FDA not considering Gulf seafood consumption in safety estimates, says coalition


A coalition of environmental groups accuses the U.S. Food and Drug Administration of failing to accurately estimate how much seafood coastal residents eat when setting safe levels for oil-related contaminants in fish, shrimp and crabs.

Those groups, headed by the Natural Resources Defense Council, said that the standards used to reopen the Gulf of Mexico to commercial and recreational fishing leave people who eat a lot of seafood potentially vulnerable to cancer-causing substances.

FDA officials said none of the Gulf states were able to provide seafood consumption estimates for coastal residents, forcing the agency to rely on national statistics.

Dr. Gina Solomon — a University of California toxicologist, member of the U.S. Environmental Protection Agency’s science advisory board and senior scientist for the Natural Resources Defense Council — acknowledged that none of the seafood tested by the FDA appears to have dangerous levels of oil contaminants.

That was fortunate, she said, given the agency’s approach to setting the safe levels, which have been blamed for undermining public confidence in seafood.

The Press-Register previously reported that the FDA standards set after the BP spill allow higher levels of oil contaminants to be present in seafood than has been allowed after other major spills.

The newspaper also reported that based on an FDA assumption that people eat four times more fish than other types of seafood, the agency standards allow shrimp, crabs and oysters destined for public consumption to be four times more contaminated than fish.

Solomon said the NRDC conducted a non-random survey of 547 coastal residents and found that people in the survey ate from three to 12 times more shrimp each week than the FDA estimated.

“We found that FDA assumptions for consumption frequency and meal size significantly underestimate exposure levels for the majority of the Gulf respondents to our survey. These people would not be protected by the FDA guidelines on Gulf seafood contamination,” reads a letter Solomon and the NRDC sent to the FDA. Mobile Baykeeper also signed that letter.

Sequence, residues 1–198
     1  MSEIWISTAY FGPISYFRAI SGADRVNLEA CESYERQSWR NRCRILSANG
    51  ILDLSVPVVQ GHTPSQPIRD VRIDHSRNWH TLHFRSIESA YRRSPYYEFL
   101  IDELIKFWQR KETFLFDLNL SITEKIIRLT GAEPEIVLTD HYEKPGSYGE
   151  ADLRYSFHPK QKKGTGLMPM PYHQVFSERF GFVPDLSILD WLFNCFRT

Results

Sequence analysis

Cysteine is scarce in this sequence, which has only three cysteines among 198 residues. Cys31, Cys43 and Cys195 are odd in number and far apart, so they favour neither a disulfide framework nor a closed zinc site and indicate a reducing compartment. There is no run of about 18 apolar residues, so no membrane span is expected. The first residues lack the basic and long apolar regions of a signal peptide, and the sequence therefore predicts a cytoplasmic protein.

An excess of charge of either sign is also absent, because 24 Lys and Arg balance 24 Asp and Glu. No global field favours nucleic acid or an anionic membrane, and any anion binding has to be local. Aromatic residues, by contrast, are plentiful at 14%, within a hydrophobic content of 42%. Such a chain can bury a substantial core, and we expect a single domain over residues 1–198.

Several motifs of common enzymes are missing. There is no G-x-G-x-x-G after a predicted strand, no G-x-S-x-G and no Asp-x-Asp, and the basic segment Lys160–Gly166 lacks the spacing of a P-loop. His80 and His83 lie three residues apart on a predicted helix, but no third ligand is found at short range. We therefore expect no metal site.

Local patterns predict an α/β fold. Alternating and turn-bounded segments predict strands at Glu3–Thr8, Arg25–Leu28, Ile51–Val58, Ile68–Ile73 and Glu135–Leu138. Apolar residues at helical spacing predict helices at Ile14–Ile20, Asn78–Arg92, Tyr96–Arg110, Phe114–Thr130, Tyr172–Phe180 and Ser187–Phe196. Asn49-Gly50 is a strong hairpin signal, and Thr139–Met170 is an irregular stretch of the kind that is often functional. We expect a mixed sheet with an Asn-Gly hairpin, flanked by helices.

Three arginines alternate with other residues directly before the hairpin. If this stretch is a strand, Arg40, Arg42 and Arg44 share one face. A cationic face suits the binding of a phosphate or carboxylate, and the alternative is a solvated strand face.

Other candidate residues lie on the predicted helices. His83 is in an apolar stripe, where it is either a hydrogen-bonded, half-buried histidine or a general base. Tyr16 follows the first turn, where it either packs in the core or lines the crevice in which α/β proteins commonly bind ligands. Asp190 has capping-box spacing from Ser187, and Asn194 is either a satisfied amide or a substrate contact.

“Levels of polycyclic aromatic hydrocarbons in seafood that would fall within the FDA guidelines as acceptable would, in fact, expose these people to levels of cancer-causing chemicals more than 10-fold higher.”

In a statement e-mailed to the Press-Register, the FDA addressed the NRDC survey and wrote that the “FDA is not aware of any published data upon which we can rely for seafood consumption figures other than what we used.”

“The Natural Resources Defense Council has now provided FDA with information from a Gulf Coast seafood consumption survey it recently completed. FDA will review the NRDC’s survey to determine if it is suitable as a source of consumption data and, if so, whether it would impact any of the safety conclusions drawn by the states and the federal government,” the statement said.

Solomon said the FDA assumed that people who ate the most shrimp ate what amounted to about four jumbo shrimp per week.

“Our survey certainly shows there is a significant population of people on the Gulf Coast who eat a heck of a lot more seafood than the FDA believes,” Solomon said.

“Based on the actual contaminant levels in seafood, I don’t see a reason for people to change their diet, but I do see a reason for FDA to change their approach to how they conduct risk assessments. I don’t want them to be leaving out this group of Gulf Coast residents who eat a lot of seafood. They are the most vulnerable.”

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Stuart H. Smith is an attorney based in New Orleans fighting major oil companies and other polluters.
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